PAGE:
The market by the Cologne Cathedral
My husband and I spent the past weekend eating. Honestly. Just stuffing everything in sigh into our mouths.
We have an excuse – we were in Cologne, Germany, visiting the city’s many Christmas markets.
I hadn’t really heard of these markets before, but many German cities have them – they’re basically little areas set up with stalls selling handicrafts, Christmas decorations, lots of German food and gluhwien, or mulled wine. Yum.
Cologne is about a 6 hour drive from our house, so we decided to go there to get a Christmas Market Experience. The city itself has seven different markets – including a floating one on a boat – but only made it to three of them.
Cologne is very beautiful, mostly due to an enormous cathedral in the center of town. Construction on it was started in 1248, because the church was to be home to some relics that were supposedly the bones of the three magi, and the church officials thought such relics deserved an amazing church. The cathedral took 600 years to finish and now, it’s quite gorgeous. It’s really huge, though – that’s what surprised me. Enormously tall. It was even the world’s tallest building back in 1884.
Anyhow, enough about the cathedral. On the markets! We started off Thursday night at the Neumarkt Square market. We had some hot wine, and were temped by the marzipan stollen, the cookies, the fried potato things we had last time we were in Germany…D. ate a currywurst, but for the most part, we held off so that we could visit Haxenhouse, a traditional German restaurant downtown.
D. eating a pork knuckle with spicy Chinese marinade
When we arrived, we found out the place was full. But we sat down for a few glasses of Kolsch, the local beer, and when the waitress saw we were still there, she fit us in a place where some other’s had cancelled. How nice of her! D. had an actual huge pork knuckle, and I had a vegetarian mushroom pasta dish.
The next day, we went to the NS-Dokumentationszentrum der Stadt Köln Museum, which I think translates to something like the Documentation of Nationalsocialism in Cologne Museum. It is housed in the former Gestapo prison, which was left very in-tact – basically, you can still see the drawings and quotes people wrote on their prison cells while they were held captive (some are thought-provoking – some are encouraging others – but my favorite was translated to “Gestapo are assholes.”)
Weird WWI-era blimp ornament?
Unfortunately, the upper two levels of the history museum aren’t translated into English. We could have rented English audioguides, but we were warned they took 2.5 hours to complete, and we didn’t’ really have enough time. Still, I found the seasonal exhibit, called “Heilige Nacht” (I know that means “holy night” thanks to nine years of Lutheran Day School) which showed how Christmas has been used as propaganda in Germany, starting with WWI. One example was the Christmas postcards with some sort of bullet on it, decorated with evergreen, and the other was a Christmas ornament of a blimp. Ok.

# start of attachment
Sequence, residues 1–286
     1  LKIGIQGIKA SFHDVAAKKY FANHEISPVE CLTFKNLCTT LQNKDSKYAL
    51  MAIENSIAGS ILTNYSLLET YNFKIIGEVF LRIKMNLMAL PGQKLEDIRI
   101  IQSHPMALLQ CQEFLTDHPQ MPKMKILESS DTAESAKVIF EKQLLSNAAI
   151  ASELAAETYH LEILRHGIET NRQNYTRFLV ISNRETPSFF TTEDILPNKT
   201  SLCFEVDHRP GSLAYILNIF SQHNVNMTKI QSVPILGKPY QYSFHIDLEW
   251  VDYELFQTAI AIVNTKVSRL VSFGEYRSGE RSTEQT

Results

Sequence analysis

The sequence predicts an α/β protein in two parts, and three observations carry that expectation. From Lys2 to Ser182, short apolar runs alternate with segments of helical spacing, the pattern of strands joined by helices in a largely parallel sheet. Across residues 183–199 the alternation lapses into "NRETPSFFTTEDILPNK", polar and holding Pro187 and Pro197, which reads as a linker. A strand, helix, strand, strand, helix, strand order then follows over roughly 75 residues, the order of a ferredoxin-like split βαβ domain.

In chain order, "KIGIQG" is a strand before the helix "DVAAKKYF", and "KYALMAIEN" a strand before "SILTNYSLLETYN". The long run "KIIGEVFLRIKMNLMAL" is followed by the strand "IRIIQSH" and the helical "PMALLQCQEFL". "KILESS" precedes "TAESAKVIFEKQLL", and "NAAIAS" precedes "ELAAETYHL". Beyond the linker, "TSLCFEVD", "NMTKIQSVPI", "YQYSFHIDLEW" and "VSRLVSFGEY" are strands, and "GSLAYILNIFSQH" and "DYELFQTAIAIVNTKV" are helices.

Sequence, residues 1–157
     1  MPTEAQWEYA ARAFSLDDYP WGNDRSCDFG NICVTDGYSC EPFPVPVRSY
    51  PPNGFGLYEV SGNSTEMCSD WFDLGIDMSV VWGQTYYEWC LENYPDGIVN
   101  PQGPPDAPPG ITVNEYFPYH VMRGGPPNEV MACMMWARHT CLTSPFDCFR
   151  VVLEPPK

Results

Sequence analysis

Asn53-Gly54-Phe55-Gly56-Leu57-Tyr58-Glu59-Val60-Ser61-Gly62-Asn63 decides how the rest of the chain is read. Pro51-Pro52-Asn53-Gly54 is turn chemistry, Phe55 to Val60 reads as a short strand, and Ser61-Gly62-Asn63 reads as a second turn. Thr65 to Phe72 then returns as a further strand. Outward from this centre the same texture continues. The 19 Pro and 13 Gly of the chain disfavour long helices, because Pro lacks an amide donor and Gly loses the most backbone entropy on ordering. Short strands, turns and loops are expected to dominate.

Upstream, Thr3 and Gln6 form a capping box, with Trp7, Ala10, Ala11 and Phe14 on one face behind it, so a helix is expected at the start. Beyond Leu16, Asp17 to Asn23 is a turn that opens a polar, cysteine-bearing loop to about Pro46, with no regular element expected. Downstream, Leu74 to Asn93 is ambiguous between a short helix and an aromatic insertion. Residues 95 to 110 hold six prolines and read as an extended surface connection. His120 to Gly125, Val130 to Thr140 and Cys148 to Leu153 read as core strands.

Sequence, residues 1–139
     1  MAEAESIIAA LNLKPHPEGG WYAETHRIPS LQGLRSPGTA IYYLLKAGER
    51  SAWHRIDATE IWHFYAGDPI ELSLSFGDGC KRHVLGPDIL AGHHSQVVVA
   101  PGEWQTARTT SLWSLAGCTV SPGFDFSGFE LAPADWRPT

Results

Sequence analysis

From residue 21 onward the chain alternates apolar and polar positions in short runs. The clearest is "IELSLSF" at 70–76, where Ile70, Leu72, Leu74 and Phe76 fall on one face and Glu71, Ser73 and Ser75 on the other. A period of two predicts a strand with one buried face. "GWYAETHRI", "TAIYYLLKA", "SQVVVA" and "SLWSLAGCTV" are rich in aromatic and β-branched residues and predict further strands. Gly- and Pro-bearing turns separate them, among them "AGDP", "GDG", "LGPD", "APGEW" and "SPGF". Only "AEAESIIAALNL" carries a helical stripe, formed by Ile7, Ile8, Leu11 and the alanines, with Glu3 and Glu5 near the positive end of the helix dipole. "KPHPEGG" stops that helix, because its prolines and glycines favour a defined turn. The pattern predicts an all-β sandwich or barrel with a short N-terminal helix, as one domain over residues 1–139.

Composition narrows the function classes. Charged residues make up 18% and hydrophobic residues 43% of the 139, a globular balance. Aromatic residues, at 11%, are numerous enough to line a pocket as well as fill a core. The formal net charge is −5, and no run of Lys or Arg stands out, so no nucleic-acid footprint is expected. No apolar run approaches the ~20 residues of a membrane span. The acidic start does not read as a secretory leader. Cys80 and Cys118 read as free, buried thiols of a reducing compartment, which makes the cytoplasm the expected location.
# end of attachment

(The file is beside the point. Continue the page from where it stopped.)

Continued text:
Even weirder were the displays of how the Nazis used Christmas. For example, Hitler tried to convince housewives to make “Christmas” cookies that were of mythical Norse winter solstice-type motifs and swastikas. And there were also many Christmas bulbs that had swastikas on them, too.
Perhaps the weirdest thing to me, though, were the Nazi-esque “advent calendars.” Instead of candles to represent hope, peace, etc., the Nazi party offered up these helpful suggestions seen below. If you looks closely, you will see candles surrounded by “wreaths” of either those mythical Norse-type horses or of a cross made of Viking ships. Hey, Hitler, I think you were missing the point…
Nazi advent calendars...
Anyway, the exhibit was quite interesting. Done, however, with creepy Nazi propaganda, we decided to move on to more cheerful pastimes – mostly eating.
We visited the Cathedral market and the Heumarkt — both were great.
D. ate a bratwurst from there folks (the whole market smelled like Milwaukee, honestly)
The bratwurst sellers
We had hot wine. We had hot apple cider with calvados. We ate a German garlicbread with olives and red pepper cream cheese on it that was heavenly.
German Garlic Bread - this stall smelled fantastic
We ate a bowl of fresh dumplings with sauerkraut, creme fraiche and herbs.
Dumplings & saurkraut/creme fraiche
And then we had to stop. No cheese spatzle for me, no fried potatoes, no fried apples, no pretzel, no nothing more. I was SO full. Too bad…
D. and I had so much fun on this little weekend away – it really was one of the best things we did all year. I love visiting Germany – the people are so warm and friendly and laid-back. I also got a kick out of how many German Christmas things seemed so familiar to me — advent calendars with chocolate inside for sale all over the place, hearing “Oh Come Little Children” in German on the merry-go-round (mom taught me that one when I was a kid), gingerbread cookies, spritz cookies, gingerbread-lattes at Starbucks (well, they called them Lebkuchen lattes, but they tasted the same to me)… even slightly buzzed German tourists wearing fuzzy Christmas tree hats — it was a little bit like being home in Wisconsin!
Hoo loves mulled wine? (Sorry, couldn't help it)